- Boston’s status as a university center contributes to its youthful profile. Baby Boomers aged 35 to 54 are by far the nation’s largest age cohorts, but people in their early 20s make up Boston’s largest age group. Reflecting that, few of the city’s households contain married couples; most are people living alone or with other nonrelatives. Boston’s population is also constantly churning. Nearly one-third of all residents lived in a different city five years ago (the sixth-highest proportion among the Living Cities), and in many downtown neighborhoods, 60 to 80 percent of households had recently moved. Even as the city continued to attract young singles, it struggled to hold onto larger families; the number of married couples with children in Boston declined by nearly 2,000 in the 1990s.
- Boston’s workforce is highly educated, although wide attainment gaps between whites and minority groups persist. Among the 23 Living Cities, Boston ranks third in the share of adults who hold at least a bachelor’s degree. These high levels of worker education are reflected in the city’s low unemployment rate (5.3 percent in 2002, below the national average), and the large number of Boston workers employed in the education and health industries. Still, racial and ethnic minorities lag far behind their white counterparts in educational attainment. Fewer than one in six blacks and Hispanics hold bachelor’s degrees, compared to nearly half of whites.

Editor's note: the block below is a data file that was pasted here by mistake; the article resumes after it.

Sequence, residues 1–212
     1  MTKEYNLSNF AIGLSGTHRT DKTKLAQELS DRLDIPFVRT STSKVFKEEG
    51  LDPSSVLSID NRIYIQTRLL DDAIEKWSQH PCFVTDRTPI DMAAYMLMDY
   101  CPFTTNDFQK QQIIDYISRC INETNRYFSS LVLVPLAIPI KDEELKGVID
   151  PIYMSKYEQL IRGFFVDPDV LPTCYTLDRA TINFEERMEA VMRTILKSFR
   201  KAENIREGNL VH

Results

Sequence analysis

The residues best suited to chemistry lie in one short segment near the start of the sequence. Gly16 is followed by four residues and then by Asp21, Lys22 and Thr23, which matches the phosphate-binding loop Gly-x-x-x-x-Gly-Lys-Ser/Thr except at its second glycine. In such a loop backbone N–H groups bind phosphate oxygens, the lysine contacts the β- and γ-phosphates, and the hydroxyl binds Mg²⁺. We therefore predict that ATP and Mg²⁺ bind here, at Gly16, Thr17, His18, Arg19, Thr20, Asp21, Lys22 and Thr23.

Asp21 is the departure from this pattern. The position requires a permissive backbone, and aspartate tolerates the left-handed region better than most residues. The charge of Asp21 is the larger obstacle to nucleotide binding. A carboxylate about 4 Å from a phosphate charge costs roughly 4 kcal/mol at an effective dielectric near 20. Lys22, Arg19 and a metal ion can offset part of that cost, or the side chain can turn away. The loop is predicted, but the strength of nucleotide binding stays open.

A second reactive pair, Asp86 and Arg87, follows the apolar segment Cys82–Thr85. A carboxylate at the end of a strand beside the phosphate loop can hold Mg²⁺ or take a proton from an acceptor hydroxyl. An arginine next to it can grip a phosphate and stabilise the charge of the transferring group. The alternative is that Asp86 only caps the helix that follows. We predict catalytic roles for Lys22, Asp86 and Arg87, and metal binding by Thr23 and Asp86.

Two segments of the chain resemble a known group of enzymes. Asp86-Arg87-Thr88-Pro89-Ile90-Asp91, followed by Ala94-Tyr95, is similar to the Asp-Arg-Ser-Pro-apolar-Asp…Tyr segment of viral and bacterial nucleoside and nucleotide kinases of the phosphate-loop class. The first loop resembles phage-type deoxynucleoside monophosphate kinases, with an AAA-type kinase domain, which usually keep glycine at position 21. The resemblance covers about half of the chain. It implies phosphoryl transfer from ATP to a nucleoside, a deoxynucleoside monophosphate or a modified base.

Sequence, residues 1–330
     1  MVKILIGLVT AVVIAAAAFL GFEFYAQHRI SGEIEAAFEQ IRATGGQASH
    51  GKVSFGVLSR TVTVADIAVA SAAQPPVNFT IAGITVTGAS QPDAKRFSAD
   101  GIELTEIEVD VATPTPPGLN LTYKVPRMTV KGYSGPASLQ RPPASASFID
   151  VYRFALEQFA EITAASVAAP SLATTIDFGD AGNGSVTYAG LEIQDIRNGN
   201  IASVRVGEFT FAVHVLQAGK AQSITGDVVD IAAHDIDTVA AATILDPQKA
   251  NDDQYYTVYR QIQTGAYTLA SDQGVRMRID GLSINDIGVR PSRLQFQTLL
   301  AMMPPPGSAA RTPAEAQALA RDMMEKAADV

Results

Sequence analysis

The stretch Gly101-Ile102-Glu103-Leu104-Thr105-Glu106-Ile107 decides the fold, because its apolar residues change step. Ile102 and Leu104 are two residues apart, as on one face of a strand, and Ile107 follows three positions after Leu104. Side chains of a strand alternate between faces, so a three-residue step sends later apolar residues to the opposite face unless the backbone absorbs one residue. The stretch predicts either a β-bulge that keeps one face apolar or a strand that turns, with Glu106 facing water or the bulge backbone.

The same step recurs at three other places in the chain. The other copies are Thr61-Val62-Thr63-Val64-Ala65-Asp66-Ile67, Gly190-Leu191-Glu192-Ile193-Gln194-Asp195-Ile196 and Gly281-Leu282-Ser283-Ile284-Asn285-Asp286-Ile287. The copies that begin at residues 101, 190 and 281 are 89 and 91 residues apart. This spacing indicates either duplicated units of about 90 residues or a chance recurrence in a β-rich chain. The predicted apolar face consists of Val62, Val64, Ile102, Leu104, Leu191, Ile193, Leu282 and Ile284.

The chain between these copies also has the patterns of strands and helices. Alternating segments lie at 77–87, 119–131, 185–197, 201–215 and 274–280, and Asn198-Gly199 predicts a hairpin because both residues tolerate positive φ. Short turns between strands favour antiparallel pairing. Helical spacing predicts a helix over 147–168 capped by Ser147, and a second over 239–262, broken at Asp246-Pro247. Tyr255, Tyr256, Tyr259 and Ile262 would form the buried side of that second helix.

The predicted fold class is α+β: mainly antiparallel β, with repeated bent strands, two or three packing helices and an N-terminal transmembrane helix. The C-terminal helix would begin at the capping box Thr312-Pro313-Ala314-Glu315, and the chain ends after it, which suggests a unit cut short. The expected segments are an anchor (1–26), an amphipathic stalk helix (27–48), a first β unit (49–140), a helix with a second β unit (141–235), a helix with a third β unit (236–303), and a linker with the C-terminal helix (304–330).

- The distribution of income among Boston’s households became more unequal in the 1990s. As it did in most of New England, the recession of the early 1990s hit Boston hard. As a result, real median household income in the city barely grew over the decade. Yet this trend masked a “pulling apart” at the ends of the income spectrum. By 2000, there were many more high-income households in Boston, but also more low- and moderate-income households. Meanwhile, the middle-class stagnated. Minority households, in particular, lag far behind whites in income, and Boston has among the highest Hispanic and Asian poverty rates of any Living City.
- Most groups made progress on homeownership over the decade, but rents in Boston are among the highest in the country. Overall, Boston has one of the lowest homeownership rates among large U.S. cities, reflecting the high cost of its housing, the young age profile of its residents, and its large multifamily housing stock. Still, all racial and ethnic groups—blacks, in particular—managed to make homeownership gains in the 1990s. For Boston renters looking to graduate to homeownership, though, the barriers to accumulating savings are clear. The typical monthly rent in Boston is far more expensive than in any other Living City, and more than 60 percent of moderate-income renters—those earning $20,000 to $35,000 a year—bear significant housing cost burdens.
By presenting the indicators on the following pages, Boston in Focus: A Profile from Census 2000 is intended to give readers a better sense of where Boston and its residents stand in relation to their peers, and how the 1990s shaped the cities, their neighborhoods, and the entire Boston region. Living Cities and the Brookings Institution Center on Urban and Metropolitan Policy hope that this information will prompt a fruitful dialogue among city and community leaders about the direction Boston should take in the coming decade.
[On the politics of climate change] The politics of adaptation and emission control are very different.